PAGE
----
Starting a week or so before school, slowly begin adjusting back to your school day routines. For instance, do you usually do homework right after school? Start reading or doing a little coloring or something more structured every day at your normal homework time. Once school starts, it will be “normal” to your child to sit down at that time of day to do “work.” Has your child been napping during the summer, but won’t be able to once school begins? Start skipping the nap every other day two weeks before school starts and then every day a week before school starts. Of course, missing naps may make your child cranky, so don’t forget that bedtime should be earlier, too, on no-nap days!
- Set firmer limits on bedtime routines. We all get a little lax about bedtime in the summer. Read an extra bedtime book here, allow a little longer playing there. In preparation for school, start firming up your children’s bedtime routines so that they aren’t taking too long, and so that your child can get to bed on time and you can have time to do what you need to do, like preparing lunches, folding school clothes, and checking homework folders.
BONUS TIP: Look how much we love you! So much, we’re squeezing in a fourth bonus tip. Once school starts, consider that your child will be coming home tired (and probably cranky). Prepare yourself now, so you can have patience (and perhaps enough wine on hand) to handle it. And you may want to make sure bedtime is even earlier that first week or two after school starts. Try to keep after-school activities light for that first week or so, too. After that, everyone will be back into the groove, and the school routine and schedule should start to feel normal.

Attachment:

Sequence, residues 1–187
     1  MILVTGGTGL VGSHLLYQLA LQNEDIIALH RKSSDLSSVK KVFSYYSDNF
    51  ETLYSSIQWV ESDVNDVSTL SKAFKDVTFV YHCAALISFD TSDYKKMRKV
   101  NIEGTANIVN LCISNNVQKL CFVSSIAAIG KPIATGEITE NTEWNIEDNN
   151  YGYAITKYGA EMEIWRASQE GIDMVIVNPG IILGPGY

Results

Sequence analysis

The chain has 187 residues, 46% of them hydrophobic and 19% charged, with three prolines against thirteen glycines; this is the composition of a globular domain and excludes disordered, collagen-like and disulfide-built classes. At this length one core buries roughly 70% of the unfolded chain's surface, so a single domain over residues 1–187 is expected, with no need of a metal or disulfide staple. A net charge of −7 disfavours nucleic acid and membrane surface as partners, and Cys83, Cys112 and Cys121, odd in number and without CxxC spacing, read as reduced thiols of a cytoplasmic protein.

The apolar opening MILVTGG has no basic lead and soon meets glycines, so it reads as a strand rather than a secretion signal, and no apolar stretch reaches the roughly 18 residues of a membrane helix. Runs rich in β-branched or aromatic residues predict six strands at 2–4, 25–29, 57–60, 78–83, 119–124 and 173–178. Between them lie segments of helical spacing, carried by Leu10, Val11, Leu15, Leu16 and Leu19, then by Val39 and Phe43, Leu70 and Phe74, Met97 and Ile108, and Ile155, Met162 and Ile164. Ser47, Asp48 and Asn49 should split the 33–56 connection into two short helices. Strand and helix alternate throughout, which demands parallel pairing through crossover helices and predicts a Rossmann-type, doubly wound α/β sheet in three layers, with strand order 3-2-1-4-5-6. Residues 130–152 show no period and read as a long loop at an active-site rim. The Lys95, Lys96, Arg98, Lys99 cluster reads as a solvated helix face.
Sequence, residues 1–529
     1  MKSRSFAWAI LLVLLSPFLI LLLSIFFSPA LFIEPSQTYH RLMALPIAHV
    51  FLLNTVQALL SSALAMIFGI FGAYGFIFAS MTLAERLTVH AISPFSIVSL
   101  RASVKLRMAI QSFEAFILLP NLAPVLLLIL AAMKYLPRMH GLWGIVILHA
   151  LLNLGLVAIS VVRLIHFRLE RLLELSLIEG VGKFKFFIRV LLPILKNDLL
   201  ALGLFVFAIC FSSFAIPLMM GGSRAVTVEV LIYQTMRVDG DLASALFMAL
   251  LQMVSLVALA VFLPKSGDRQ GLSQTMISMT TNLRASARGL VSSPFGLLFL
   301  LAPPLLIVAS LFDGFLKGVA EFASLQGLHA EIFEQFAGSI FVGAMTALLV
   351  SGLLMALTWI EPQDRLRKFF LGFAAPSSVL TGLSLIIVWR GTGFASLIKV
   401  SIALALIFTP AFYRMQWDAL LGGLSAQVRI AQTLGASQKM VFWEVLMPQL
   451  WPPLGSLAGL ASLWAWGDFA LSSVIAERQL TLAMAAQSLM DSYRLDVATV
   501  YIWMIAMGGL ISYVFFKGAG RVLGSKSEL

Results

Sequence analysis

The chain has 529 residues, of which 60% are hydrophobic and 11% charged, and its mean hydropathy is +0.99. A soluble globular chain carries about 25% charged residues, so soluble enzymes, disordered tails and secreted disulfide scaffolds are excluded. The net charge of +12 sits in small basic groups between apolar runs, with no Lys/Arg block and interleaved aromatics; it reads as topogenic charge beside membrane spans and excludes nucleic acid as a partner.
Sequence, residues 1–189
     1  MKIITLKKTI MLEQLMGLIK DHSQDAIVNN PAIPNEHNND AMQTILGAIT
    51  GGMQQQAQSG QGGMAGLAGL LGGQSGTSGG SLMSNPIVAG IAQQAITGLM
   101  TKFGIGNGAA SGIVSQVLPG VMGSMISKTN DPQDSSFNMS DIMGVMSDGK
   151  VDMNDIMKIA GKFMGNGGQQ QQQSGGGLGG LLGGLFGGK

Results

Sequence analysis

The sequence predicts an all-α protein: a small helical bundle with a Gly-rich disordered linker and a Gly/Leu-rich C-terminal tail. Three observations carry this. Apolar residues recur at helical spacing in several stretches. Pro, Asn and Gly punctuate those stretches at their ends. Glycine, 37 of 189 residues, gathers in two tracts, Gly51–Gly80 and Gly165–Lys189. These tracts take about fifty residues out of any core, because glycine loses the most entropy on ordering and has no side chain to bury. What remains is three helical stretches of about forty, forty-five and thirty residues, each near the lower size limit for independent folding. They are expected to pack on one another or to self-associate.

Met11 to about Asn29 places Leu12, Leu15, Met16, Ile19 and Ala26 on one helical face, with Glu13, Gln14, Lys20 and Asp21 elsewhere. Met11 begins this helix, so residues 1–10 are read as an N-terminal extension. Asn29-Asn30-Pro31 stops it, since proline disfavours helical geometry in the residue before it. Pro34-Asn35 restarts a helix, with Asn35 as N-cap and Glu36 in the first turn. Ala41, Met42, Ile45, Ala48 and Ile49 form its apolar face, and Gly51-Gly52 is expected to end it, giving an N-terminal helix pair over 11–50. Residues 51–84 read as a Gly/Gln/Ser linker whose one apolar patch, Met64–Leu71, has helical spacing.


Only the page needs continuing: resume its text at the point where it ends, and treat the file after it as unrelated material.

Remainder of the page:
Stay tuned next week for a guest article from us on the ZAZOO KiDS Blog with tips for how to help your baby or toddler adjust to the back to school schedule.
Do you have kids in school? How are you preparing to transition into a back-to-school schedule?
Shifting your child’s schedule may not be easy. If you need help in tightening up your little ones’ daily schedules, we’ve got you covered! Take a look our e-book, Shift Your Child’s Schedule. It outlines practical tips on how you can help your child go to bed and wake up at reasonable times. It even includes an actual sleep consultation, written out in case study form, that’ll help you formulate your own custom solution!
If you need help in getting your baby or toddler to sleep through the night, please be sure to pick up your FREE copy of 5 (tear-free) Ways to Help Your Child Sleep Through the Night, our e-Book with tear-free tips to help your baby sleep better. For those persistent nighttime struggles, check out The 3-Step System to Help Your Baby Sleep (babies) or The 5-Step System to Better Toddler Sleep (toddlers). Using a unique approach and practical tools for success, our e-books help you and your baby sleep through the night and nap better. For those looking for a more customized solution for your unique situation with support along the way, please consider one-on-one baby and toddler sleep consultations, where you will receive a Personalized Sleep Plan™ you can feel good about! Sometimes it’s not that you can’t make a plan. Sometimes you’re just too tired to.